The use of the word faith is intentional. The whole season has drawn parallels between different religious and religious-seeming organizations, led by true believers struggling to keep doubters in line by any means necessary: tenderness, flattery, intimidation. The est group that FBI agent Stan Beeman (Noah Emmerich) and his ex-wife Sandra (Susan Misner) attend serves much the same function as Paige’s church, and the dialogue in both these organizations echoes some of the conversations we hear in the Soviet Rezidentura and in the FBI office where Stan, Agent Gaad (Richard Thomas), and the other agents work. Even as the show presents est and Christianity as warm alternatives to communist or anticommunist fervor, urging members to look within themselves and define their personalities or souls, we are always aware of a parent-child dynamic at play, with a father or mother figure looming over assorted children, offering guidance and reprimands, and encouraging the kids to go forth into the world and strengthen and enlarge the tribe, the flock, the organization.
On The Americans, as on so many TV series, pretty much everything comes back to family, anyway: Every institution, as well as every individual character, is at some point defined as a parent or a child, a characteristic that becomes even more clear in this episode, which is filled with scenes of parent-child interaction, both biological (Philip and Elizabeth with Paige; Elizabeth and Paige with Elizabeth's dying mother), emotional (Stan playing board games with the Jenningses’ continually neglected son, Henry, while Philip is off killing a man), and metaphorical (both FBI and KGB agents are reprimanded for carrying out operations without the approval of higher-ups).
The scenes of Stan confessing his off-the-books operation to Agent Gaad have a father-son feeling. You feel like you’re watching a mercurial, undisciplined son being called on the carpet by his dad and tongue-lashed for repeatedly breaking the rules of the house and disappointing his old man and everything he stands for. “It’s a day of big disappointments for all of us,” Gaad deadpans, after telling Stan that all his efforts were for nothing because the government would rather trade the non-defector for an imprisoned CIA agent and leave Nina to rot.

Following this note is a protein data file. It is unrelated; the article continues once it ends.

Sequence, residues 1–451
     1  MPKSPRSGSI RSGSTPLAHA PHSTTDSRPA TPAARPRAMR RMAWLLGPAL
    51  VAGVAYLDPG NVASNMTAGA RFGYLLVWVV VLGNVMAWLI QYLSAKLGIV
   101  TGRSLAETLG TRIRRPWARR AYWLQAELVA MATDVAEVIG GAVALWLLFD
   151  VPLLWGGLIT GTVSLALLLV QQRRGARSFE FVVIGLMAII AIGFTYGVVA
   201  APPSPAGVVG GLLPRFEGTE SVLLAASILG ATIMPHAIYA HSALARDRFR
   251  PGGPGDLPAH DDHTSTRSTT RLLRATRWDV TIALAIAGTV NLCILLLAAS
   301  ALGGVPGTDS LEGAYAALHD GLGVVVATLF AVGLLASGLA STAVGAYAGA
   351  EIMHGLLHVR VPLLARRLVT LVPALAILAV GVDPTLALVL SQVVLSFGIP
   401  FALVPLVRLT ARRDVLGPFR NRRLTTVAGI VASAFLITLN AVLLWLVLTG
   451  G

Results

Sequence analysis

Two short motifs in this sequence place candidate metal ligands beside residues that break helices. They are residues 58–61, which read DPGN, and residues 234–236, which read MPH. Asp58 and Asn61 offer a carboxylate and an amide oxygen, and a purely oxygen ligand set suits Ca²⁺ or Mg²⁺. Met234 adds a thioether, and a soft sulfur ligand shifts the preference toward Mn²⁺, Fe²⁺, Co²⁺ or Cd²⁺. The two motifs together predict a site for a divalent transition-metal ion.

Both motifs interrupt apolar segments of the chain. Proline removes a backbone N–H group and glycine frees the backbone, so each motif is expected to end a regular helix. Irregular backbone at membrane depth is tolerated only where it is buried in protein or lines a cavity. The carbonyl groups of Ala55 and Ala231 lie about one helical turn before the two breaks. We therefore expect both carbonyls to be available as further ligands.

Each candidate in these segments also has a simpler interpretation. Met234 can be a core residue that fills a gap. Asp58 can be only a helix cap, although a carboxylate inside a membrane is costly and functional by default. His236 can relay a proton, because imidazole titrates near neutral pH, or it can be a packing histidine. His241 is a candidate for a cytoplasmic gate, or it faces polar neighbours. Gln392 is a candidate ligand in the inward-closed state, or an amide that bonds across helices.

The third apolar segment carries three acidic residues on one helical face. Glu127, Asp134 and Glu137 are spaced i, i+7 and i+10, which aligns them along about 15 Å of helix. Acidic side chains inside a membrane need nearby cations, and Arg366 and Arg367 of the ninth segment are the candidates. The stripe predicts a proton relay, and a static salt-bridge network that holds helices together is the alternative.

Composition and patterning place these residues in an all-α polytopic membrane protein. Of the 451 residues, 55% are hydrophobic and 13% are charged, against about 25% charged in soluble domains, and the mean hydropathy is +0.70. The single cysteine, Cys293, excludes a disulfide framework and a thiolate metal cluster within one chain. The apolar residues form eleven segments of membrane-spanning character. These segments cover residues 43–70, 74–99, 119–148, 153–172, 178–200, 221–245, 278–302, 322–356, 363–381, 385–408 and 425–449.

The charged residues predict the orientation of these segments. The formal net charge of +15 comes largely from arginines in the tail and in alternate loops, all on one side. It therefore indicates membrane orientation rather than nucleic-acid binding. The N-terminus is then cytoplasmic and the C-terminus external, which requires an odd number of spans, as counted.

These scenes are mirrored by the one where Philip defends his wife and daughter’s impulsive trip abroad to his handler Gabriel (Frank Langella). “You’re acting like a child,” Gabriel tells Philip, adding, “I’ve done nothing but try to take care of you, and because you’re not getting what you want, you think I’m the enemy.” Then he pulls a classic dysfunctional-dad move, trying to paint him as a bad son and Elizabeth as the loyal daughter. “And when Elizabeth doesn’t see everything exactly the way you see it, you think there’s something wrong with her. You know who there’s something wrong with? Grow up.”
The entire season has been filled with dark, warped reflections of parent-child configurations, and scenes of rebellion against actual or figurative parental authority. These include Philip’s tactical dalliance with Kimmy (Julia Garner), a target’s daughter who’s about the same age as Paige; Henry’s petty criminality, a cry for attention brought on by his parents’ neglect; and Nina’s torment in prison, which finally led to the moment last night where she admits to her erstwhile seduction target and fellow inmate Anton (Michael Aronov), “I can’t keep doing this — buying back my life.” (Her life has had two owners, or two competing sets of bad parents: the Soviet Union and the FBI.) Everybody has an evil empire that they fear and resent, one that’s carried around inside the mind and heart but that was planted and nourished from without, by authority figures of one kind or another. You have to rebel at some point or decide to give in, and either route brings pain. “They fuck you up, your mum and dad,” Philip Larkin wrote in his 1971 poem, “This Be the Verse.” “They know not what they do. They fill you with the thoughts they had, and add some extra just for you.”